February 19, 2012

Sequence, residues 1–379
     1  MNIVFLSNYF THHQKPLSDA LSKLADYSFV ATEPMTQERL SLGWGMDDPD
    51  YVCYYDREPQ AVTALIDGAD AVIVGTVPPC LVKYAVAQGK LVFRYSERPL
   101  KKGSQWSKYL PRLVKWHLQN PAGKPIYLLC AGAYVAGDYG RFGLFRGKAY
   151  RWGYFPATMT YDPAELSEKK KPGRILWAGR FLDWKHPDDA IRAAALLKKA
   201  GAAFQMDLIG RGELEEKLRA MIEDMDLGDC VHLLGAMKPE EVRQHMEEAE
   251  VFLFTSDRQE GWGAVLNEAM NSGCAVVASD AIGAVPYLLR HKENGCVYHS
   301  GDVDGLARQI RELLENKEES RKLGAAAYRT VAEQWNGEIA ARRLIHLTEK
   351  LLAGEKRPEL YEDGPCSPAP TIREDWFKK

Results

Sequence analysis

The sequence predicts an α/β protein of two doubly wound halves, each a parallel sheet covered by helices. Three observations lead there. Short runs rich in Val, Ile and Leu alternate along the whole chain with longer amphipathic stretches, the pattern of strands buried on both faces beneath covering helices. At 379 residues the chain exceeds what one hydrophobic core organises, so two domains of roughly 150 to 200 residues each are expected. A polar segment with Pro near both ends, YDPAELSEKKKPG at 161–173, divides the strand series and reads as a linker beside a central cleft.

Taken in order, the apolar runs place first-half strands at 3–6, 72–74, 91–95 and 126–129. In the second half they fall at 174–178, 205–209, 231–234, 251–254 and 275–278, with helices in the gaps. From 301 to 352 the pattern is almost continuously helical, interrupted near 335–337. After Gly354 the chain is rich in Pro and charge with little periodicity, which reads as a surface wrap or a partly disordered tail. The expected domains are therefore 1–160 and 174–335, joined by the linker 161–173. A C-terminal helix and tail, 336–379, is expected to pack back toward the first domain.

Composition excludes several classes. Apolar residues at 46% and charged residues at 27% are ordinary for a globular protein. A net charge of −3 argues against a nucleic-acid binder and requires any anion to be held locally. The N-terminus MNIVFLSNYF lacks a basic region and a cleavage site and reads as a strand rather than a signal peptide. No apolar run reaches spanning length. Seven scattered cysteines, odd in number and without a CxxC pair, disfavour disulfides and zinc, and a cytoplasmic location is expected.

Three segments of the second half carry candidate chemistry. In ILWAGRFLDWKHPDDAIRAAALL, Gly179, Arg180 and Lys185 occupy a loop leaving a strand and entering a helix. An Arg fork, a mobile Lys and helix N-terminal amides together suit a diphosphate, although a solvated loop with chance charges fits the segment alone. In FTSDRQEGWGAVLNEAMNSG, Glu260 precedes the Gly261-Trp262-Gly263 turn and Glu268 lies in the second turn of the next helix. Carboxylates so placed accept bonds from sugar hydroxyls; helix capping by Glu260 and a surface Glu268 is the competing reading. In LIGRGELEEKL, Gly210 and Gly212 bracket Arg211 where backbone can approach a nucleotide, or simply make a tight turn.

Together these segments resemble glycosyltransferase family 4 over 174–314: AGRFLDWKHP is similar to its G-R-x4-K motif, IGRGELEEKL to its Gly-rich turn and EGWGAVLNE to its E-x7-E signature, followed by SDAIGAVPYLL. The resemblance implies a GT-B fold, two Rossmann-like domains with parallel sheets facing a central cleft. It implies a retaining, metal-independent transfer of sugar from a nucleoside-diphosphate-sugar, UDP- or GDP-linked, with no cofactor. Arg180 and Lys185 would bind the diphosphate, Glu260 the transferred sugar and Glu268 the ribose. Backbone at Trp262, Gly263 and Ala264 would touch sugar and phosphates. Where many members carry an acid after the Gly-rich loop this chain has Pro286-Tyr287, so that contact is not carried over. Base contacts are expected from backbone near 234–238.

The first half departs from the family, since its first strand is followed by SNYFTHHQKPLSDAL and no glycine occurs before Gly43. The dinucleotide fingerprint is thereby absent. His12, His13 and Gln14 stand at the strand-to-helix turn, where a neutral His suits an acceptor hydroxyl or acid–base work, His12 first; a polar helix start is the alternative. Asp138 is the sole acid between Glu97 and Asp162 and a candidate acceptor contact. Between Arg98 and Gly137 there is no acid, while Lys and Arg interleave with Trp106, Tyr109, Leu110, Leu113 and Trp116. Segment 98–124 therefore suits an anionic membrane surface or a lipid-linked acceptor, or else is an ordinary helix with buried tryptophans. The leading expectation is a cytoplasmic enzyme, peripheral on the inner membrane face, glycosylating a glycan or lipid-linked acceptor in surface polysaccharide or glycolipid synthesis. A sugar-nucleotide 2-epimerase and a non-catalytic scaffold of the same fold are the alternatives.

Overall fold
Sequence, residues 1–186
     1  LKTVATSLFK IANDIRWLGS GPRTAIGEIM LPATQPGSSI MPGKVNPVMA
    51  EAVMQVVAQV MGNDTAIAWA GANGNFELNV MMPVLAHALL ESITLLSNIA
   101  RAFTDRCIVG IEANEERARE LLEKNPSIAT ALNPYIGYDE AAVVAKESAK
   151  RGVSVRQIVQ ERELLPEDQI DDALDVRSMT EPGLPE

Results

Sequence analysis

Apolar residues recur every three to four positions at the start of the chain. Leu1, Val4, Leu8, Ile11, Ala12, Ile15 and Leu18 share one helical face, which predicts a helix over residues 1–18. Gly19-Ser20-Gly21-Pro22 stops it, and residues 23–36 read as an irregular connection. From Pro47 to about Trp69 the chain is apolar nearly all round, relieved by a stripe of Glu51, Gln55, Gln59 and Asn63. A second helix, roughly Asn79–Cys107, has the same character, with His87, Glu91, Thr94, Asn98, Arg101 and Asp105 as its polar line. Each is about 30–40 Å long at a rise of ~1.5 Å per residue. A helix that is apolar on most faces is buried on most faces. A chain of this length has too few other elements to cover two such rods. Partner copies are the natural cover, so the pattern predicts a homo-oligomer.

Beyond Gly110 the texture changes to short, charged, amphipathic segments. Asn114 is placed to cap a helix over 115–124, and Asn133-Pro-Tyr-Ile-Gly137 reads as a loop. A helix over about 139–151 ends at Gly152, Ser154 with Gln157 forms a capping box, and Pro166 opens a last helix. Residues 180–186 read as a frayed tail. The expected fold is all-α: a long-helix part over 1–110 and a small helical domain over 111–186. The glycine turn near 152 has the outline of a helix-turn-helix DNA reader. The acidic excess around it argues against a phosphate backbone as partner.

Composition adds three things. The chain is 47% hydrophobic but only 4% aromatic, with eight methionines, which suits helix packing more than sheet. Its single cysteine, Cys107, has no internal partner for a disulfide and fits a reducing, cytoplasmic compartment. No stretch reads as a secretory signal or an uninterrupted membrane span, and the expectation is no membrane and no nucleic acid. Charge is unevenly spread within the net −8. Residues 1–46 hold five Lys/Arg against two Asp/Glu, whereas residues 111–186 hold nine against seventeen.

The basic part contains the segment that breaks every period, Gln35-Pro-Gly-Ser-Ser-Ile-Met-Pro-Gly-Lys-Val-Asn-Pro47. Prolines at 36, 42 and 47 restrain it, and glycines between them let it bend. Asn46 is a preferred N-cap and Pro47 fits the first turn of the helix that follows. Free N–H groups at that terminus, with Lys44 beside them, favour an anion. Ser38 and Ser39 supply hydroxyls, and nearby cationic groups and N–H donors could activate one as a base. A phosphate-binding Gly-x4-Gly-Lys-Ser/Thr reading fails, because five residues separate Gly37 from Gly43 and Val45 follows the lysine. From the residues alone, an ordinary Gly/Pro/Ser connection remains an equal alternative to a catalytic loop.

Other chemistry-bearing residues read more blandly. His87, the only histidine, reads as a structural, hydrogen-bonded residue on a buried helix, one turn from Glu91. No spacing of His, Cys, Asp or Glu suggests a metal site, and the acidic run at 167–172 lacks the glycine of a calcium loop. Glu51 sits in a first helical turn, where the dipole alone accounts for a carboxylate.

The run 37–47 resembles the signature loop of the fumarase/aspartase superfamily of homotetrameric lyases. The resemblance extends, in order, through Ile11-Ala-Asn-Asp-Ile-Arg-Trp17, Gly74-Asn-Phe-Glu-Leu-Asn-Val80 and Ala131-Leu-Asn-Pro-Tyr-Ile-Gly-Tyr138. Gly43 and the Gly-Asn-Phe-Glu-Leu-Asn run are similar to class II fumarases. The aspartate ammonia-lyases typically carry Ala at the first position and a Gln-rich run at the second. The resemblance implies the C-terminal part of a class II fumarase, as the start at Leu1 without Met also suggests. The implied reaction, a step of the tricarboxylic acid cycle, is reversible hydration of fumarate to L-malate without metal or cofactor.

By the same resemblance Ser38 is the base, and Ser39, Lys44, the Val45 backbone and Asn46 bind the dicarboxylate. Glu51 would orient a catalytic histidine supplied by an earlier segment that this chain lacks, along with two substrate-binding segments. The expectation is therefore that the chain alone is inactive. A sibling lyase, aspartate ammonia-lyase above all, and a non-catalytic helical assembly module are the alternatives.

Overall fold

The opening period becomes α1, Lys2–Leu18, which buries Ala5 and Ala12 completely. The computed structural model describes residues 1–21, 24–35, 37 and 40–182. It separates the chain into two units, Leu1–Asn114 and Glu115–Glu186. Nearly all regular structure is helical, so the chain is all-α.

If a little girl says something like “I wish I was as beautiful as Mary,” a typical reply that parents and teachers give is, “Everyone is beautiful in different ways.” Stuff like this drives me crazy. Kids are not stupid. They see that beautiful girls get a lot more positive attentions than ugly girls do. That’s just a fact of life. You have to be blind not to see that. Most people think my daughter is a pretty girl so I can see all kinds of special attentions she gets, and I often see a harsh and painful contrast between what she gets and what ugly girls get. Most people are not consciously discriminating. When they see a really cute/pretty girl, they can’t help saying things like, “Oh, you are so cute!” and they might even give her gifts, like candies. When ugly girls walk in, they simply do not notice. I’ve seen situations where people spontaneously reacted to my daughter’s cuteness, and then realized that there was another girl with her, and quickly tried to be sensitive by saying, “You are cute too.” But kids are not stupid; they can tell when sincerity is lacking. Ugly girls suffer this kind of injustice even when they are 2 or 3 years old. So, when girls say something like “I wish I was as beautiful as Mary,” they are expressing their true feelings about how they look and about the reality of life. To say “Everyone is beautiful in different ways,” is to ignore, trivialize, deny, or minimize that pain. Sure, you can argue that personality can be beautiful too but that’s not what she is expressing. I think it’s important to validate her feelings. What I would say is, “I’m sorry you feel that pain; sadly life is unfair.”